Top 10 Lessons of 2022
Open-String Madness!Matthew LeeMost guitarists learn the basic scales, patterns, and lines up and down the neck when starting to visualize the fretboard. Working open strings into the mix made my head spin and forced me think of note selection differently. It taught me how to manipulate lines that I’d played for years and breathed new life into those lines simply by adding one key element.
Eric Gales’ Nasty Chord SubstitutionsAndy Gibson
Eric Gales’ method of playing a right-handed guitar left-handed and upside down gives him a sound that’s distinctively his. If you watch videos of him playing, you’ll notice he plays with his thumb wrapped around the top of the neck, like Jimi Hendrix or John Mayer. However, since his guitar strings are flipped upside down, his thumb is fretting what would be the first string to most people. This not only puts your brain in a whirl when trying to steal licks, but it also opens the door for some truly unique chord voicings. Gales, who fuses blues, rock, and classical together, constantly manages to play some truly otherworldly licks and passages.
Pickin’ Like Paisley: Use Those Open Strings!Andy GibsonIt’s universally known in the guitar community that Brad Paisley isn’t just some guy that strums a guitar and sings country songs. He’s widely respected as one of the best players in the country music scene and takes an unusual approach to achieve the sonic insanity that spills out of his guitar. From Telecasters, G-benders, and cranked Dr. Z amps to instrumental records and wild guitar solos getting mainstream country radio airtime, Paisley has solidified his place in the discussion of all-time greats, and not just in the country world. In this lesson, we’ll dive into one of the cornerstones of Brad’s playing that makes him so unique: open strings.
Why Is Rhythm Guitar So Hard?Shawn Persinger
Rhythm guitar is arguably the most important aspect of guitar playing, and it’s also one of the most challenging skills to develop. The discouragement many players feel when working on rhythms forces too many of them to oversimplify the nuances, and this can reduce a performance from exceptional to fine. In this lesson, we’ll investigate why rhythm guitar can be so puzzling and look at a few ways to keep yourself motivated enough to persevere and improve.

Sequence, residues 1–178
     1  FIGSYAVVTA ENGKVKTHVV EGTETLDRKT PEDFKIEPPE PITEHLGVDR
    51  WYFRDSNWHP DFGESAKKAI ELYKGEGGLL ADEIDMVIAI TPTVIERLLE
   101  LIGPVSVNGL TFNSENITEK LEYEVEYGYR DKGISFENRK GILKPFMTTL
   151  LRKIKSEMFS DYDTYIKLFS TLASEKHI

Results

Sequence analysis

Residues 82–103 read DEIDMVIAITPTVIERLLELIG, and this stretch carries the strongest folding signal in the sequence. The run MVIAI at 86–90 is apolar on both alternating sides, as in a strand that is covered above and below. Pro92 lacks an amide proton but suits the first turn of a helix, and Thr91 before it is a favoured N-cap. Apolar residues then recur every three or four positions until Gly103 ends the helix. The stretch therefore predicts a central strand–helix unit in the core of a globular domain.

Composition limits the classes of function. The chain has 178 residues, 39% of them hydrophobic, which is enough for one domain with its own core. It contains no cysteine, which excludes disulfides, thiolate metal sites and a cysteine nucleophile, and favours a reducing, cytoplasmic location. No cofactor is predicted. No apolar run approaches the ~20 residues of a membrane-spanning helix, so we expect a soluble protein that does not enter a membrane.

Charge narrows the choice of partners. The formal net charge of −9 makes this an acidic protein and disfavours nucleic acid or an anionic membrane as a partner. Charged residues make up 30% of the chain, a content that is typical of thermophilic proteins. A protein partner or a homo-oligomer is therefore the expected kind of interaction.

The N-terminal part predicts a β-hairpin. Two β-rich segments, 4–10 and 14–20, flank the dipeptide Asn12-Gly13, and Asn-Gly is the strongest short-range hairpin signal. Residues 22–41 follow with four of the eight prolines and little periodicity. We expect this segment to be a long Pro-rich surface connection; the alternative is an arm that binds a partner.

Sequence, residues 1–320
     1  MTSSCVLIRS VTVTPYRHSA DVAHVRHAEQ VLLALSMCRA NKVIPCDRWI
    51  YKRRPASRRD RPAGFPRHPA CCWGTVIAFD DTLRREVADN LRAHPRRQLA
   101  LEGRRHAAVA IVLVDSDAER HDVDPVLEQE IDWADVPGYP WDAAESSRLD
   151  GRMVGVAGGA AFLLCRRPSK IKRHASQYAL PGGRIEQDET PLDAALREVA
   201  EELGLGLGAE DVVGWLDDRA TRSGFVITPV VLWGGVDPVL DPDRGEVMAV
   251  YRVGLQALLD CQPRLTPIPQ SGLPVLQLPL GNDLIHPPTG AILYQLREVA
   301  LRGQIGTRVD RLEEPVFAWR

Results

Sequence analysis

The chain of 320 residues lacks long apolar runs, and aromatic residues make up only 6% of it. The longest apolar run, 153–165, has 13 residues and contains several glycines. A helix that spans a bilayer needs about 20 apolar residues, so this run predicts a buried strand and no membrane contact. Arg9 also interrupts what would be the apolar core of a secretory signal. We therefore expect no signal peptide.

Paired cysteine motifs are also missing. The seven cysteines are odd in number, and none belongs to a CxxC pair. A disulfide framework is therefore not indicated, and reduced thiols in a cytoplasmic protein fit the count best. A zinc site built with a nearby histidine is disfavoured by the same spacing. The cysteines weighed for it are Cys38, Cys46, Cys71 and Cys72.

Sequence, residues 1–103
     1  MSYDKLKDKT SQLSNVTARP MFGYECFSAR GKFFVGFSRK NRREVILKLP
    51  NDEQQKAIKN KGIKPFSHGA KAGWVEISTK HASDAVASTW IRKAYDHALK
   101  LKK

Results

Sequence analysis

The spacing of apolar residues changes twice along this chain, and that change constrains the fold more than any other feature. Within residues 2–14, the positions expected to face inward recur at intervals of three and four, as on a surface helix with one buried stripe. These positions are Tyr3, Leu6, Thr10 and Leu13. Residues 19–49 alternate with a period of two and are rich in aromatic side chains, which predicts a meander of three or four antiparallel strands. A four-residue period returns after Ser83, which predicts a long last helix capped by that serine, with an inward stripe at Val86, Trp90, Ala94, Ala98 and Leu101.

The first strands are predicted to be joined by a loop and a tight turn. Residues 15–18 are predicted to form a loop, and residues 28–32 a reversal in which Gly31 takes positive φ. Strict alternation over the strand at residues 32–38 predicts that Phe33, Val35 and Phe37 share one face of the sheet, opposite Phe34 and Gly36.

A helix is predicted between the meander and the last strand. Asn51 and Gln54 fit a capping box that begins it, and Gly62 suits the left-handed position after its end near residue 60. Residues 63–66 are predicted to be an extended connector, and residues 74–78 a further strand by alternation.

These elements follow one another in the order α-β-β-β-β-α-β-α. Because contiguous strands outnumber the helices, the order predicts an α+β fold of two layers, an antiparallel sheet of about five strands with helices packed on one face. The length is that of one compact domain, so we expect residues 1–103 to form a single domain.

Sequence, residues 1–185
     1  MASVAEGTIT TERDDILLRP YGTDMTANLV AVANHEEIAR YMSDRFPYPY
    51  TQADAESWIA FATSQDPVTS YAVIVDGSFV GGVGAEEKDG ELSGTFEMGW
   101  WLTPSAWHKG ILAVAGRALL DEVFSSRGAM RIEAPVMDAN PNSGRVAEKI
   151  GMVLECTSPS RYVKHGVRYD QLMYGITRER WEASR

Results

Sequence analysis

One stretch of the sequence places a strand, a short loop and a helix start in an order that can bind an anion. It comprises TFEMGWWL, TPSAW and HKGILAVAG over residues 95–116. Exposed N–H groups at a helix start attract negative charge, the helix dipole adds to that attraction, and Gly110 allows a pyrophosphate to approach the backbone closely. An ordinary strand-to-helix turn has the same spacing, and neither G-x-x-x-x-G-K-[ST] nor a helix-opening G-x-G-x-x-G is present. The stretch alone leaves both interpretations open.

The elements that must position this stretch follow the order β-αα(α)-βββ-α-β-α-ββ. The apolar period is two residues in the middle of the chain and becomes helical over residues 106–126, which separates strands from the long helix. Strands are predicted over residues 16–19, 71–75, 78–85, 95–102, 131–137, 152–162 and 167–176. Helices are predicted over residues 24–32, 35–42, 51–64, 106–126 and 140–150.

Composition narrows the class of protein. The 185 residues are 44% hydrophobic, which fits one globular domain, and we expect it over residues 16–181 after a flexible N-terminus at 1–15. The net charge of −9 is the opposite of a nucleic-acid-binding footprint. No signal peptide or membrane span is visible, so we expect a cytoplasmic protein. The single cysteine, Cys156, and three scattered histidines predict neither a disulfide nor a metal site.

Mega Pentatonics!Sam Bell
Pentatonics are certainly well used (maybe overused?) by guitarists. There’s so much you can do with them and there’s a lot of great music to be found within our beloved five-note scale. My aim is to go for the whole “sheets of sound” thing that was popularized by John Coltrane and later adapted to guitar by players like Allan Holdsworth. However, the technique arms race has slowed down over the last few years, with modern players opting for interesting lines that focus more on cool rhythms and unexpected intervals. Let’s get to it.
Johnny Winter's Burning BluesCorey Congilio
Learn to rip like one of the all-time masters of modern electric blues.
5 Underrated Guitarists Who Will Blow Your MindCarter ArringtonThe guitar has been a major factor in so many styles of music over the last 70 years, and any experienced musician can tell you that playing any one of those styles with authenticity takes countless hours of dedication. As we learn the instrument, we seek out music that we find inspiring to help guide us toward our voice. The legends we all know in the guitar pantheon have inspired millions of players. In my musical journey over the years, I’ve always been thrilled to discover unique musicians who never attained the same recognition as their more famous counterparts. With so much music at our disposal these days, I thought this group of guitarists deserved a little more spotlight. The inspiration and knowledge they have provided me were paramount in my development, and I wouldn’t be the player I am without them.
How to Map TriadsTimon Kaple
Mapping major and minor triads up and down the guitar neck can open new possibilities in your playing. It can also help you learn note locations on the fretboard, find new ways to play chord progressions, and inspire creative improvisations and compositions. But where do you begin?
7 Essential Blues Chord SubstitutionsMax Rich
Staying creative and phrasing musically while playing chords, especially over a blues progression, seems like an impossibility to many players. After all, most blues songs contain only three chords, the I, IV, and V. So how can you make those simple chords more interesting? The answer is by using chord substitutions.